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Answer by Tirumalai Kamala:

This question has two aspects, first, does Plasmodium alter an infected mosquito’s feeding behavior, and if so, how?

Plasmodium alters an infected mosquito’s feeding behavior under experimental conditions. It’s difficult to generalize since different studies used different mosquito and malaria species, and examined different aspects of mosquito feeding behavior pre- and post-infection.

After taking an infectious blood meal. the most striking behavior change is between a pre-infectious (oocyst) and infectious (sporozoite; infectious for mammals) mosquito. Pre-infectious females show less attraction to hosts, are less persistent in their feeding attempts, probe less frequently and for less duration, activities that are reversed in infectious female mosquitoes, except in one case of birds and bird-specific mosquito and malaria parasite. A caveat to many of these studies is lack of matched control mosquitos.

My summation of key data from peer-reviewed publications:


How does Plasmodium induce such changes?

  1. When an infected mosquito takes a blood meal on a mammalian host, it transmits the sporozoite stage malaria parasite. How? After it develops inside the mosquito gut, the malaria sporozoite invades the salivary glands. When the infected mosquito bites to take a blood meal, it reflexively deposits a bolus of malaria sporozoites from its salivary glands. Now in the process of invading, sporozoites damage mosquito salivary glands (1). Mosquitos with damaged salivary glands have less salivary apyrase (2). Mosquitos deficient in salivary apyrase have difficulty in locating and feeding on host blood. They thus tend to probe more often and to feed on several hosts successively (1, 3, 4). One caveat to this hypothesis is that scientists have observed at least one outlier, Plasmodium berghei sporozoite invasion of the mosquito Anopheles stephensi salivary glands did not affect mosquito probing time (5).
  2. Another hypothesis is that malaria parasites manipulate infected mosquitos’ satiation threshold, making them take smaller and more frequent blood meals (6).
  3. The most recent hypothesis is that the malaria sporozoite specifically induces changes in the sensitivity of odorant receptors in the mosquito’s maxillary palps, changes that correlate with changes in the short- and long-range attraction of mosquitos to hosts (7). Supporting this hypothesis, a proteomic analysis of the head proteins in female Anopheles mosquitos infected or not with Plasmodium berghei also showed infection-specific upregulation of insect Central Nervous System (CNS) proteins (8). Unfortunately, similar changes in the sensitivity of odorant receptors were induced in the mosquito by simply injecting E. coli into it, suggesting that this pathway is not uniquely stimulated by the Plasmodium parasite alone.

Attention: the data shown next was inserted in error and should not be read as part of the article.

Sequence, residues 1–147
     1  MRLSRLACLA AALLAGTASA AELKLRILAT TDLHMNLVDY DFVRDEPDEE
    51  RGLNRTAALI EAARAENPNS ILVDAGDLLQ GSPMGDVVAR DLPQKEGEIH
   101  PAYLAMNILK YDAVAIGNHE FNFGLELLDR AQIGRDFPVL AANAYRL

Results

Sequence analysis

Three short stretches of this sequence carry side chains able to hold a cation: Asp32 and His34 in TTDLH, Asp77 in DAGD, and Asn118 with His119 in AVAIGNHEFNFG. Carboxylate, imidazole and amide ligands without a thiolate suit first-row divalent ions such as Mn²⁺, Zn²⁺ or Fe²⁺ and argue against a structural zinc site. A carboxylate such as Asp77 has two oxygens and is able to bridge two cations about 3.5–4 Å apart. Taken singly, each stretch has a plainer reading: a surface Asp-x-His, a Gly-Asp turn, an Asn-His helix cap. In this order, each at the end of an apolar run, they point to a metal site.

Bibliography

  1. Rossignol, P. A., J. M. Ribeiro, and A. Spielman. “Increased intradermal probing time in sporozoite-infected mosquitoes.” The American journal of tropical medicine and hygiene 33.1 (1984): 17-20.
  2. Ribeiro, J. M. C., P. A. Rossignol, and A. Spielman. “Salivary gland apyrase determines probing time in anopheline mosquitoes.” Journal of insect physiology 31.9 (1985): 689-692.
  3. Rossignol, P. A., J. M. Ribeiro, and A. N. D. A. Spielman. “Increased biting rate and reduced fertility in sporozoite-infected mosquitoes.” The American journal of tropical medicine and hygiene 35.2 (1986): 277-279.
  4. Ribeiro, J. M. C., P. A. Rossignol, and A. Spielman. “Salivary gland apyrase determines probing time in anopheline mosquitoes.” Journal of insect physiology 31.9 (1985): 689-692.
  5. Li, X., Sina, B., and Rossignol, P.A.. “Probing behaviour and sporozoite delivery by Anopheles stephensi infected with Plasmodium berghei.” Medical and veterinary entomology 6.1 (1992): 57-61.
  6. Koella, Jacob C., Linda Rieu, and Richard EL Paul. “Stage-specific manipulation of a mosquito’s host-seeking behavior by the malaria parasite Plasmodium gallinaceum.” Behavioral Ecology 13.6 (2002): 816-820. Stage-specific manipulation of a mosquito’s host-seeking behavior by the malaria parasite Plasmodium gallinaceum
  7. Cator, Lauren J., et al. “‘Manipulation’without the parasite: altered feeding behaviour of mosquitoes is not dependent on infection with malaria parasites.” Proceedings of the Royal Society of London B: Biological Sciences 280.1763 (2013): 20130711. Page on royalsocietypublishing.org
  8. Lefevre, Thierry, et al. “Malaria Plasmodium agent induces alteration in the head proteome of their Anopheles mosquito host.” Proteomics 7.11 (2007): 1908-1915. Page on psu.edu

How does Plasmodium alter mosquito feeding habits?

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